L.J. Rohan

L.J. Rohan


Prevention On Our Plates

October 22, 2018

In drilling deep into breast cancer prevention for women, I find recommendations based on several factors. In aiding prevention for women before mid-life, prevention for postmenopausal women, and what suggestions help postmenopausal women who have had breast cancer, there exists some common approaches which are very encouraging. 

breast cancer prevention
The Adventures of LJ and GE™

Regular, focused exercise across the lifespan wins the day as the number one risk reducer. I know dear reader, this seems like a broken refrain, but think of how many positive benefits we get from regular exercise, not the least exciting result is a trimmer figure and higher metabolism–allowing for the occasional pizza splurge, since isn’t the holy grail about having pizza? But, I digress. 

On the subject of diet, the latest research reveals some strong pros and cons for what we put on our plates. Several very large studies from both the US at the National Cancer Institute and The Oregon Health and Science University, and in China through The Shanghai Breast Cancer Study (SBCS), and included in research from Vanderbilt University, indicate making friends with vegetables is a great idea, especially a family of veggies call cruciferous. Don’t ask me to pronounce it, but I know them when I see the on the produce aisle:

  • Arugula
  • Bok Choy
  • Broccoli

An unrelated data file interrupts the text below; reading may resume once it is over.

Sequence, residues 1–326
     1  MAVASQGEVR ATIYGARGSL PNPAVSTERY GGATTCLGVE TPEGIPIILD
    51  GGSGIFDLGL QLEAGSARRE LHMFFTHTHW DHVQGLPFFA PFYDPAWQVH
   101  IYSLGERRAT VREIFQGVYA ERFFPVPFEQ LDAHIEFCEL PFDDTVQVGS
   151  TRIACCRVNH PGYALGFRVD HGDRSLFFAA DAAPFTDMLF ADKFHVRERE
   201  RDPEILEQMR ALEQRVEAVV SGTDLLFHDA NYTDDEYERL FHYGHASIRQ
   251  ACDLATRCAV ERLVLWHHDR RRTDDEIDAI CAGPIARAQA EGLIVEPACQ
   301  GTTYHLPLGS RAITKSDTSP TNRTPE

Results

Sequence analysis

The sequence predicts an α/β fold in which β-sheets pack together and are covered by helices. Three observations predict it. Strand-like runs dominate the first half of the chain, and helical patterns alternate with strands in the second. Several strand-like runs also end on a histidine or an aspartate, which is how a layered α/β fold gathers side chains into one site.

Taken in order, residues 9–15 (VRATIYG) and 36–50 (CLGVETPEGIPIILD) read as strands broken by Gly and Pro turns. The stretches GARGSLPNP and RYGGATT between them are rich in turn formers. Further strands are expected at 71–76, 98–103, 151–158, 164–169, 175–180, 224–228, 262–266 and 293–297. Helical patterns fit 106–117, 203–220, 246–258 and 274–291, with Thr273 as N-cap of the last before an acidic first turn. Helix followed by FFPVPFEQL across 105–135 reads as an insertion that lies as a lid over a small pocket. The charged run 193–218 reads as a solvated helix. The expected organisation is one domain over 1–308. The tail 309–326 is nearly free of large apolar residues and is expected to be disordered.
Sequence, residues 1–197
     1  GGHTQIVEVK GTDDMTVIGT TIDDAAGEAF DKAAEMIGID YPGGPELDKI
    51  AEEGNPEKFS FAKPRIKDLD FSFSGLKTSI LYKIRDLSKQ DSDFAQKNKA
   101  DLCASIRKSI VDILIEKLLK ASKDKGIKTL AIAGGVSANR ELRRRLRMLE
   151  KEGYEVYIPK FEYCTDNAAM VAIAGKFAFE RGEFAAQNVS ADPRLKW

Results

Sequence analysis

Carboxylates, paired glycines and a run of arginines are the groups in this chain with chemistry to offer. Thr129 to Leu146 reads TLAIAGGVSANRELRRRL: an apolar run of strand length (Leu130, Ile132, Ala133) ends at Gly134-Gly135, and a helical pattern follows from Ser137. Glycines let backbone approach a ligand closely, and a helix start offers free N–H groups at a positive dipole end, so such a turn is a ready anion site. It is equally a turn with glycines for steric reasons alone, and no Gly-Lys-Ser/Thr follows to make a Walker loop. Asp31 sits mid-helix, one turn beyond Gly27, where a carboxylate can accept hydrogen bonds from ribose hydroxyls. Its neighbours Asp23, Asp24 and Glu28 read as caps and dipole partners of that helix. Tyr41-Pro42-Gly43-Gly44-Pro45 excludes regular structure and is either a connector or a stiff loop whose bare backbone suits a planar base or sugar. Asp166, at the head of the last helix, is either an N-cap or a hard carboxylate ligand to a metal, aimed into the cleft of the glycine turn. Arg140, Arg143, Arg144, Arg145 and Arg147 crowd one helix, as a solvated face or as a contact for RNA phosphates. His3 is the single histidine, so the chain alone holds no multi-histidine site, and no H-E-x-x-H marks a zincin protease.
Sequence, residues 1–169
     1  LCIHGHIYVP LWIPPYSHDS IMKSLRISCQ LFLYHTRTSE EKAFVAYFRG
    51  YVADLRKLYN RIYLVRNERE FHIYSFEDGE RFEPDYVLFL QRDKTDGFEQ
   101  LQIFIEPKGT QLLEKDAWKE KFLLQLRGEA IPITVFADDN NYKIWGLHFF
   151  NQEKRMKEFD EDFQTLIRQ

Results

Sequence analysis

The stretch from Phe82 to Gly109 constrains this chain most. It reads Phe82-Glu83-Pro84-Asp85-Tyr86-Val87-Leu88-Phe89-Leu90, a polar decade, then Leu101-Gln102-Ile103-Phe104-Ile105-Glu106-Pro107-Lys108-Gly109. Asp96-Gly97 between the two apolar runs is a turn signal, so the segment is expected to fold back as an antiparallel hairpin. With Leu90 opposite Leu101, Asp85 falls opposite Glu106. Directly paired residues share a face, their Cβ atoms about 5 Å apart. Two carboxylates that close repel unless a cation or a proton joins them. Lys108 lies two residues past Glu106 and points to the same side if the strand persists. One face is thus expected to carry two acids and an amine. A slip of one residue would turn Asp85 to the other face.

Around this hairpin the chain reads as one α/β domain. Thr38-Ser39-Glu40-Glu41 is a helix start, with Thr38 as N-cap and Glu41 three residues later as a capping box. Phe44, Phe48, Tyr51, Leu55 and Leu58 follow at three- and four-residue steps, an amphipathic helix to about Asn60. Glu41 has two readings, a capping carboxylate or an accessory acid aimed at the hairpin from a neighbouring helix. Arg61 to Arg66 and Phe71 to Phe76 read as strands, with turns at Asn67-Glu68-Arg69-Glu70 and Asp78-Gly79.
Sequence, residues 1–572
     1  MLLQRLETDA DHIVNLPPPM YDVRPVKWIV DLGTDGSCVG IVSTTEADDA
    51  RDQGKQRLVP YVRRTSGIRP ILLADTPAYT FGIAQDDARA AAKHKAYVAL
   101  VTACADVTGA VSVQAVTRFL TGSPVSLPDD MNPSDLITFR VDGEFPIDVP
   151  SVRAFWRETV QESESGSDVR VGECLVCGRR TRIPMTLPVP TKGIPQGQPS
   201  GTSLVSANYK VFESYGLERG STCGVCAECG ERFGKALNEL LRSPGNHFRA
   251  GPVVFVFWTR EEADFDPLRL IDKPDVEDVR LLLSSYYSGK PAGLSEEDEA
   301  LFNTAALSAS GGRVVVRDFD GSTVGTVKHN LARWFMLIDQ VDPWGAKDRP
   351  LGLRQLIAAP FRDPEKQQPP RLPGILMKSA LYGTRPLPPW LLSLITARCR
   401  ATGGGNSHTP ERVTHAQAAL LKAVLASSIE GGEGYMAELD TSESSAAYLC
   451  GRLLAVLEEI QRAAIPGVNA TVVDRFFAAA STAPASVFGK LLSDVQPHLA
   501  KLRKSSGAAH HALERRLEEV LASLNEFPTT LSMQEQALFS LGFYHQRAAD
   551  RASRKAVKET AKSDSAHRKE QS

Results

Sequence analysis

• Cabbage
  • Cauliflower
  • Collard greens
  • Horseradish
  • Kale
  • Radishes
  • Rutabaga
  • Turnips
  • Watercress
  • Wasabi

This wide variety of vegetables can lower our risk of breast cancer (50%) and pancreatic cancer (38%), and a man’s risk of prostate cancer (46%) or pancreatic cancer (35%). One serving a day for postmenopausal women without a history of breast cancer gave them a 50% advantage over non-cruciferous eaters. That’s some heavy leafy armor. More studies are going on as I write, and I am hopeful these finding are further supported by these study results. If the vegetables were rated for firepower, the Bazooka Award would go to the simple cabbage and humble turnip, both vegetables readily available in many, many parts of the world and still pretty much ignored by Top Chefs.   

 To give us a little protein, eat fish, but stick to low mercury fish. A list of these low-mercury swimmers is regularly updated on www.nrdc.org, the top contenders by potency: mackerel, salmon, cod liver oil, herring and oysters. Red meat does not make the list, and on the big no-no list is charred (grilled) red meat. It seems that crusty, (slightly) burned areas are very carcinogenic (poisonous) for us humans and turn the breast cancer risk-meter way up.  Cutting out food which appears high on the glycemic index, something, along with insulin resistance, I discussed in my blog post Move it and Improve It can trim our risk. 

The science dovetails nicely with what we know makes up a healthy diet, providing many crossover benefits which raises our resistance breast cancer, while making our hair shinier, our skin clearer, lowering inflammation throughout our bodies, and helping us sleep better, and last, but such a bell-ringing winner, feeding our brains to improve our cognitive functions. Give those veggies a gold medal! (Cue national anthem ;-).

Until next time…Be Vibrant! 

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